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Camp Alger

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Dear Editor: Believing that the eaders of the Argns wonld be , ed in a brief aooonnt of my observations j n the vioinity of out natinn's capital oity just at this time, when the atteniou of the people is more or less directed hitberward, I will reconut sorne of he inoidents of my last two days' experience in this looality. Mounting a wheel I staited yesterday j morniDg for Camp Alger, whioh, as tbe erow flies, is about seven miles southwest of Washington, bnt allowing the nps and downs in the road between wonld probably inake it abont uine. Virginia farmers are such lovers of nature that tbey strenuonsly object ta the ohanging of wooded slopes into vineyards, or forest lands iuto grain fields. They are strongly avetse to constructing bridges whare tüe winding roads cross tbe numerous rntis oreeks), it beiug more romantic jast o drive throngh the water. The oainp instead of being at Falls Church, as reported, is three miles beyond and at intervalns of two hundred yards betweeu the two places are staioned sentinels. Reaching tbe orest of a knoll I saw at a distanoe of a ruile or more ahead what appeard to be a white sea, so thickly were the tents pitohed. Far as the eye oould reaoh over the rolling prairie were visible the white oanvas tentings. Only abont one-half of the 25,000 troops are fully equipped and ready to go to the front in fighting trim. The remainder are expeoted to be snpplied within the next two weeks. In order to getwell water the eoldiers have to tramp several miles to replenish their oanteens. The government does not fnrnisb tbem ioe, but one of the Washington papers eent out several tons as a Snnday treat, and the boys now swear by the Times-Democrat. A hardier lot of young men tban these gallant boys in bine it would be hard to find. Anxiously they await the signal to "Forward, maroh," aDd the faster the drum beats the better will they like the tune. The all important question vcith them is "When oan we get our guns?" The next, "How long must we remain here?" Should one desire to gain a favor he has but to say to a soldier something that sounds like, "Remember the Maine." It is magio to the soldier on the bivouac. I will leave the subject here, lest I make tbis letter too long, and if it would be interesting to recount my trip to Mt. Veraon estáte, Washington's bome and tomb, on Decoration Day, I will gladly give yon my ablest effort. Verv truly yonrs, Washington, D. C, May 30, 1898.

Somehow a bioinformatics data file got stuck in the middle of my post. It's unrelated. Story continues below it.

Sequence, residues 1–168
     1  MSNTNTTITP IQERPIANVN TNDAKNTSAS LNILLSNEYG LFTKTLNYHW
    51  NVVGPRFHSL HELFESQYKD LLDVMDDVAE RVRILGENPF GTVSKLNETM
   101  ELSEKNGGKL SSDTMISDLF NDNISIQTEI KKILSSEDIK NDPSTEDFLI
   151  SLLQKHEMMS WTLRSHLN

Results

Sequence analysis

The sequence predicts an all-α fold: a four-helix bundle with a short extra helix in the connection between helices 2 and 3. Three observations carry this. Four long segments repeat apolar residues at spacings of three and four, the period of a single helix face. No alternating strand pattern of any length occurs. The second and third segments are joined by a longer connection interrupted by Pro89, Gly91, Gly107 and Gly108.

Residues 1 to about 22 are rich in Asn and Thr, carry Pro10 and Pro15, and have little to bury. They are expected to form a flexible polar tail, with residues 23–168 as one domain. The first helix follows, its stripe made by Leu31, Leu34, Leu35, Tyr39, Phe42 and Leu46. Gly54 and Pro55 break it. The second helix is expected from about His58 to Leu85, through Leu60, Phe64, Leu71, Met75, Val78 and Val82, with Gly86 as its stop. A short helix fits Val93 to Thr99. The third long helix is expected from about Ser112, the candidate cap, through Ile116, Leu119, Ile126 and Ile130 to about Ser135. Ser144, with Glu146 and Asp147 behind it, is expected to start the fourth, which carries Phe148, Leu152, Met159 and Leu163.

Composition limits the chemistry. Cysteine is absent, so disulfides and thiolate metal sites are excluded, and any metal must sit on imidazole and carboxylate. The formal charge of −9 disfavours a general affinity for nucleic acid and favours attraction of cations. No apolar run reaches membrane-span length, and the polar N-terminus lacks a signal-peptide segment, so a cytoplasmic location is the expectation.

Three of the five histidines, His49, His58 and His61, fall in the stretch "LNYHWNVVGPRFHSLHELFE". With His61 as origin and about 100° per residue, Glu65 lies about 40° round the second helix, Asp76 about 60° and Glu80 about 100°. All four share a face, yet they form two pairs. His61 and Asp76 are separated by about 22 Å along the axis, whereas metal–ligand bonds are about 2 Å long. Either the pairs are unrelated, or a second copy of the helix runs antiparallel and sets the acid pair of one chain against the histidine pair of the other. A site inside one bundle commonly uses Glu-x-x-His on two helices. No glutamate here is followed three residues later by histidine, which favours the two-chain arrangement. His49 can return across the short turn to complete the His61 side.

Ann Arbor Argus
Old News